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The student news site of California State University - Los Angeles

University Times

The student news site of California State University - Los Angeles

University Times

Students, faculty and staff allege unsafe conditions in King Hall at an emergency press conference

On+Feb.+29+students%2C+faculty+and+staff+participated+in+an+emergency+press+conference+to+address+King+Halls+infrastructural+issues.+
Tristan Longwell
On Feb. 29 students, faculty and staff participated in an emergency press conference to address King Hall’s infrastructural issues.

Possible asbestos exposure, mold in the air, tiles falling off the ceiling, leaking roofs and walls. These infrastructural issues are concerns for many staff, students and faculty with classes in the Martin Luther King Memorial Hall building on Cal State LA’s campus.  

On Feb. 23, tests revealed a possible risk of exposure to asbestos in one office in the A wing and mold in the air on the third floor of King Hall, according to a story by the University Times. 

On Feb. 29, several faculty members, students and news outlets attended an emergency press conference held in King Hall’s courtyard to address the health and safety concerns. The conference was held in part of a two-day student walkout and teach-in regarding the safety concerns in King Hall and tuition increases.

During the conference, attendees intermittently chanted “King Hall kills” and “Tear it down.”

Associate Professor of Pan-African Studies and CFA-LA President Anthony Ratcliff, who spoke at the conference, has worked at the university since 2015 and said there was already talk of asbestos in the building, at the time. He said 2019 was the last time there was a “large uprising” about this “racial justice issue” – the unsafe conditions of the building.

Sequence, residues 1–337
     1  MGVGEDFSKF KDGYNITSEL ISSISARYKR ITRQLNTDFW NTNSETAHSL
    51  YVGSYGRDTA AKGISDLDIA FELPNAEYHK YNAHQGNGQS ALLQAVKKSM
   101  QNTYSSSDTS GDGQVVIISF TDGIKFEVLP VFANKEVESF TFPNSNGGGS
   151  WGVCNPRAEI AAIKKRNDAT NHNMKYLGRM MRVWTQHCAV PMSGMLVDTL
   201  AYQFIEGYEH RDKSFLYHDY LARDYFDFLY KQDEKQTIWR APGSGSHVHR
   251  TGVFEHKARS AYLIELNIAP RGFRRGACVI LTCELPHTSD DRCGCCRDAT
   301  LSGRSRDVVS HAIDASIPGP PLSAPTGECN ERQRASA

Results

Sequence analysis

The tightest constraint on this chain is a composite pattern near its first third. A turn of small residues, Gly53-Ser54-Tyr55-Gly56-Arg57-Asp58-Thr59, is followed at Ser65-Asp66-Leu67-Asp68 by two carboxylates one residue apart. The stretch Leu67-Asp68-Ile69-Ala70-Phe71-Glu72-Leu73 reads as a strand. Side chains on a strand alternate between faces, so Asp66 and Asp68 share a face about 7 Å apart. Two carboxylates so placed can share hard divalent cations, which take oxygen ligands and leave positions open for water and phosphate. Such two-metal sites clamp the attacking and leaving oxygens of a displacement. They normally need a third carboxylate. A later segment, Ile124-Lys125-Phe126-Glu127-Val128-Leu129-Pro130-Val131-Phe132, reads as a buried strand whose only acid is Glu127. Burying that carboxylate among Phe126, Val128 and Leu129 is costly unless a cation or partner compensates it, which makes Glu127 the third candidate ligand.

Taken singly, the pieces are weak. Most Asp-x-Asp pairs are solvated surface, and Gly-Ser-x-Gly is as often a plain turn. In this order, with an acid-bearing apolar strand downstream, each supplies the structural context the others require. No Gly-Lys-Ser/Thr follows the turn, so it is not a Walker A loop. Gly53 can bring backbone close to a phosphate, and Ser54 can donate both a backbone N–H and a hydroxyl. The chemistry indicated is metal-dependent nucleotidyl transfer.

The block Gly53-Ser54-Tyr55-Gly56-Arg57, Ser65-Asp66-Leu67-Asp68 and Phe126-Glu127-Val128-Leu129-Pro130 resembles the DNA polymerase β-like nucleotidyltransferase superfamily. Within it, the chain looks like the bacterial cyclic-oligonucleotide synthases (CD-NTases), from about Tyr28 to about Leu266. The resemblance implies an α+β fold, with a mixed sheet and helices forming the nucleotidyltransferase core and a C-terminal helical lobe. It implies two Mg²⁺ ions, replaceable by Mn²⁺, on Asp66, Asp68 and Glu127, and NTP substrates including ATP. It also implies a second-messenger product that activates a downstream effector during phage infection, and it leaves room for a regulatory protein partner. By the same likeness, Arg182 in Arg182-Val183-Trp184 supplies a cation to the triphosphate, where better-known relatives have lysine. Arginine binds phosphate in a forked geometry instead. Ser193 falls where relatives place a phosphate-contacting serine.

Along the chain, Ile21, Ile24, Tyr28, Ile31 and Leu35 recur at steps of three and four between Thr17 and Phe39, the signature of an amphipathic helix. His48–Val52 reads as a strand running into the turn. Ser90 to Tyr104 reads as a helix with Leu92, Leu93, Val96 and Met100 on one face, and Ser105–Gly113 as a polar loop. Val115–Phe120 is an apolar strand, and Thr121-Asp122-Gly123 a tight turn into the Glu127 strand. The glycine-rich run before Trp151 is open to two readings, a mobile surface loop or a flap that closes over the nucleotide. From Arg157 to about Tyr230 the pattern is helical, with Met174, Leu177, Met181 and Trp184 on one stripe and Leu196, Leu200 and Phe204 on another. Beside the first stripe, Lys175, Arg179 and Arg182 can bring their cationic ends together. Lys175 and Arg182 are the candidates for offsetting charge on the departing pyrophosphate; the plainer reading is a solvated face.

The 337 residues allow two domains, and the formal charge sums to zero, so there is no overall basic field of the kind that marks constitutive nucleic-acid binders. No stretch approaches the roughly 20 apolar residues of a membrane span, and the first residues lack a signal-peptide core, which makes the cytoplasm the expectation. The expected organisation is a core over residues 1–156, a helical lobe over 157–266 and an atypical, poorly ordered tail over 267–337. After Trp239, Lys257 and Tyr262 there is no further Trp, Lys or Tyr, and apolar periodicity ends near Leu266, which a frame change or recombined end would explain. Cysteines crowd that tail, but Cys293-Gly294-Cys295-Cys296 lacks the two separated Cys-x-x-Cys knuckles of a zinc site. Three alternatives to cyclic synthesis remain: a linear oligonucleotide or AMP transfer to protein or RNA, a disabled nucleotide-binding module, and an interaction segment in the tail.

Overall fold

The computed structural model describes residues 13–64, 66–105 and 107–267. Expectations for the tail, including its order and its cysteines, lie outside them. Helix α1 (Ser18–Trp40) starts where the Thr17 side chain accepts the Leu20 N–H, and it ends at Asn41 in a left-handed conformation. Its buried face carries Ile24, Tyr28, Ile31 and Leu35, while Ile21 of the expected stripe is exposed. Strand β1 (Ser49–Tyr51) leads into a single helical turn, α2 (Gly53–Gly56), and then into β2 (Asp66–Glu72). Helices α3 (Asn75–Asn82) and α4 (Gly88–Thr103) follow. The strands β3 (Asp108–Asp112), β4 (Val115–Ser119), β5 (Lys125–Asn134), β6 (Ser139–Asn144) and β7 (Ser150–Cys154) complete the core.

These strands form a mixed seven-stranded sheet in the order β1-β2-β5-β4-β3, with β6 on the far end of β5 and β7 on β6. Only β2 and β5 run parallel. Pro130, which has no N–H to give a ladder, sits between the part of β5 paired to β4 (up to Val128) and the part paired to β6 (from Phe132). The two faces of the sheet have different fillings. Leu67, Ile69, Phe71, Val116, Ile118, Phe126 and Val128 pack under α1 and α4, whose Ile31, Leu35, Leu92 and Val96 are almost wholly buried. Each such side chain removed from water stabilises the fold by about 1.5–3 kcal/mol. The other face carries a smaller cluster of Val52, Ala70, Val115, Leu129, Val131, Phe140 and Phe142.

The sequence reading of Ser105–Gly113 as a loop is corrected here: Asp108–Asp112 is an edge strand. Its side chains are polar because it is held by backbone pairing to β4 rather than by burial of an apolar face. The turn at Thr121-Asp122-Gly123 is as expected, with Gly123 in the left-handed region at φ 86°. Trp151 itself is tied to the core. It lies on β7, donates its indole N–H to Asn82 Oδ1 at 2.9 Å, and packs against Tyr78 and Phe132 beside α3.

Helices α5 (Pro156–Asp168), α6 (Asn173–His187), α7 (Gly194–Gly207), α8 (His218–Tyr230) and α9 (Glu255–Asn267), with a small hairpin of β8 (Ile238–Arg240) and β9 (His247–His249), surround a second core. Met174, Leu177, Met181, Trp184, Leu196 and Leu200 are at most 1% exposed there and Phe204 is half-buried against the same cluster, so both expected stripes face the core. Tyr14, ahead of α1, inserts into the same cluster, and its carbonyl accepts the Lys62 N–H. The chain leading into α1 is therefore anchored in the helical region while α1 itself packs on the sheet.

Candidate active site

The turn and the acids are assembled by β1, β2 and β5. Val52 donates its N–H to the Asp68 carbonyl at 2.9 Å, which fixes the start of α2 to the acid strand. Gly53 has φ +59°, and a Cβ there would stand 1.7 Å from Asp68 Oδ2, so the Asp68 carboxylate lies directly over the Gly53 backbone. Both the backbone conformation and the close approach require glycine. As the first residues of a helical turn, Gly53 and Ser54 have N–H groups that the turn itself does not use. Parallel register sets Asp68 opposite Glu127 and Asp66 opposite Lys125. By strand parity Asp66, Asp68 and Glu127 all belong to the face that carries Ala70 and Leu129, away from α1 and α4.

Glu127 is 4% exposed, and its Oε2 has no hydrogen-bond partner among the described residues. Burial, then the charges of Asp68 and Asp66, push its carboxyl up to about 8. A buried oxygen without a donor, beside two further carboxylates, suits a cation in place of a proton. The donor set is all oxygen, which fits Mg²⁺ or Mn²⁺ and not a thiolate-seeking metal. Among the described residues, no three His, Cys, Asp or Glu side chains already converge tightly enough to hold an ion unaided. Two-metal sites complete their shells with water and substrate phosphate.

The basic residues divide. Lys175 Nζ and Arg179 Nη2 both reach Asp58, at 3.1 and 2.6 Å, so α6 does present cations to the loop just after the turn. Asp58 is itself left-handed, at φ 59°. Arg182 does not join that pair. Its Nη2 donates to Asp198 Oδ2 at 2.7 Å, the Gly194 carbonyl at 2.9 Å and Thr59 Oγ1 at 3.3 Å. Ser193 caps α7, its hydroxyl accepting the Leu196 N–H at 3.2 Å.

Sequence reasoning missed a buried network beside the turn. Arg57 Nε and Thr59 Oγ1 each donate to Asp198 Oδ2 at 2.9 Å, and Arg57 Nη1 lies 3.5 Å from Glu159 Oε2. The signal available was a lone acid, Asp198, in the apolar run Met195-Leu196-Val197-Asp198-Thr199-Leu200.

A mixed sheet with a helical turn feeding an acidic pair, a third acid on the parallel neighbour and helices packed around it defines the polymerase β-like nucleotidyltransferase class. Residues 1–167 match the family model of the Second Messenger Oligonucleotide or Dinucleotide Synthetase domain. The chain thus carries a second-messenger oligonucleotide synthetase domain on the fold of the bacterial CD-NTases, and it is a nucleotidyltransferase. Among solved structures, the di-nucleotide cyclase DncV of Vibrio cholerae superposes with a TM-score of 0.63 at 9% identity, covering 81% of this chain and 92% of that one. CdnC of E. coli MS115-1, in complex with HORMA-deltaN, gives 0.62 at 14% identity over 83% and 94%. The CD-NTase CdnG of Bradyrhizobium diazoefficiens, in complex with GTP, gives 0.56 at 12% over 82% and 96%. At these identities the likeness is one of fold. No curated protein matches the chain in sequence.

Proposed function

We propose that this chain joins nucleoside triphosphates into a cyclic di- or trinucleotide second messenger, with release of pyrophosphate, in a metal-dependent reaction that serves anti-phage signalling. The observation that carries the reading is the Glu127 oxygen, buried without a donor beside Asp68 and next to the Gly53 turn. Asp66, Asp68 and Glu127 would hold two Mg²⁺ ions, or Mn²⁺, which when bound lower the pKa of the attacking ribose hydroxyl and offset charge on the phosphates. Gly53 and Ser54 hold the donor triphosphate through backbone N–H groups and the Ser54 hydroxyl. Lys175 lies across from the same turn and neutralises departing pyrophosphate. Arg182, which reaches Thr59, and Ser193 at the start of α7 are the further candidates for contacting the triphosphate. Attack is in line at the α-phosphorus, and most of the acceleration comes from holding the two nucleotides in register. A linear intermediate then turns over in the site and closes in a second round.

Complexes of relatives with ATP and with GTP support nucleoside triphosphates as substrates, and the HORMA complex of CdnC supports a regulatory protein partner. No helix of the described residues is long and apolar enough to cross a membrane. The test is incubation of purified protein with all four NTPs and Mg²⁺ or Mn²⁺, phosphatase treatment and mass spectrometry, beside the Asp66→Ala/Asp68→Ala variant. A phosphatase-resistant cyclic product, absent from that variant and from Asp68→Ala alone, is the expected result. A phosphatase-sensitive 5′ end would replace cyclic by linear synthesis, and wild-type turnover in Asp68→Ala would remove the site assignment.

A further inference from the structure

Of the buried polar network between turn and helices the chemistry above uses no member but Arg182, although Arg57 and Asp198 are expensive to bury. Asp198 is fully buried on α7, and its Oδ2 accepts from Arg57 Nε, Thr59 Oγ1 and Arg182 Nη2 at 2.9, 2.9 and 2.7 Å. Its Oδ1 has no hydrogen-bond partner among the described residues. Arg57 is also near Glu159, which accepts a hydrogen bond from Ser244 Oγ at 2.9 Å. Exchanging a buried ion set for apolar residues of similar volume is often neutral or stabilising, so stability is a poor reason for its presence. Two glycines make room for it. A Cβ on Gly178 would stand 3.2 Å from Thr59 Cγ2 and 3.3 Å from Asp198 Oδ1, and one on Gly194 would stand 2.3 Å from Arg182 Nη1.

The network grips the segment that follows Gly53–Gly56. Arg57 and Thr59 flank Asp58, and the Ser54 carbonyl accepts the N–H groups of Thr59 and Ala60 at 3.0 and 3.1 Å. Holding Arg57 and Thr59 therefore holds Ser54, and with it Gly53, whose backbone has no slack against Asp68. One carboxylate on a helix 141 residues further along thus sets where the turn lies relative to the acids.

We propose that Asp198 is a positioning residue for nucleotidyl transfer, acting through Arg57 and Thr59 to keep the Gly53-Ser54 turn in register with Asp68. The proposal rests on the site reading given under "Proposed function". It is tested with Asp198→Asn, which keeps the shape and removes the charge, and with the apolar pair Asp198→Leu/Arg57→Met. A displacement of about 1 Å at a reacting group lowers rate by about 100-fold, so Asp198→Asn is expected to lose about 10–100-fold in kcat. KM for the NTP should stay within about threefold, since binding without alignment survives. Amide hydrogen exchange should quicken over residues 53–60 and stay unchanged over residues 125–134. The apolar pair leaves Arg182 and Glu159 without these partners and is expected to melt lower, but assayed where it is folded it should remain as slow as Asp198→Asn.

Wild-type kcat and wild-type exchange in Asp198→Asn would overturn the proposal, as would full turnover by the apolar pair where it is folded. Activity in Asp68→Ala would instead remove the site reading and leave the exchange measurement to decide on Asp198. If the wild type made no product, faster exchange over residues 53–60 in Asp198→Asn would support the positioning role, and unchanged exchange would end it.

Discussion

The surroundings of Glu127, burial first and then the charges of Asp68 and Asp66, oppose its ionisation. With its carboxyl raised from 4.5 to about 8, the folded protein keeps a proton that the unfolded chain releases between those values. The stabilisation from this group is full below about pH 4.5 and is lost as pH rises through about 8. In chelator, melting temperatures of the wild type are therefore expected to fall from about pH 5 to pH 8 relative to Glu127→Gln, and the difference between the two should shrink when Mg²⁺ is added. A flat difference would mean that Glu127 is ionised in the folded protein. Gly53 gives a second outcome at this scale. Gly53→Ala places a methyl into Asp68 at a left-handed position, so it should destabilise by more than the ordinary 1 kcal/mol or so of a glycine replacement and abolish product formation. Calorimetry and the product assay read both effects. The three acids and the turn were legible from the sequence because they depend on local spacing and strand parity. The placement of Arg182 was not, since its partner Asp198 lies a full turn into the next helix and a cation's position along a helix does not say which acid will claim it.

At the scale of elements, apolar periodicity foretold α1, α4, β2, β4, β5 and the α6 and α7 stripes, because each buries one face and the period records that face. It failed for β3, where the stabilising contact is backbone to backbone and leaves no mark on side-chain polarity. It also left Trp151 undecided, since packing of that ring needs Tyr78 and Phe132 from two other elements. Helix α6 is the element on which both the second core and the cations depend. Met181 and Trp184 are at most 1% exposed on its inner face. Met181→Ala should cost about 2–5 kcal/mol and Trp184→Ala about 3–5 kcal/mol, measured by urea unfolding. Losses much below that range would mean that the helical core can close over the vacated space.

“The fact is that we’re at a school that is predominantly students of color, and these are the kind of spaces that the students are forced to be in,” Ratcliff said in his speech.

Members of the Labor Council hope to meet with university President Berenecea Johnson Eanes to discuss her plans for addressing King Hall’s safety issues, according to Ratcliff. 

“What is really going on? What are the rooms that were found with asbestos?” Ratcliff added. “What is being done to make sure nobody is going to get sick? What is to be done [about] the fact that there are people that are already experiencing different kinds of illnesses?” 

Prior to the pandemic, Ratcliff, whose office is in the building, said he found black soot on his keyboard and recently noticed water leaking from the wall near his desk.  

King Hall was built in 1962 and many of the issues reported come from the building’s age and a need for repairs, which has increased due to recent heavy storms, according to a statement from Public Affairs to the University Times. 

“Although the building needs repairs, tests conducted last week indicate that the air quality in King Hall meets the standard set by the EPA and OSHA regarding asbestos and lead,” Communications and Public Affairs representatives said in their email.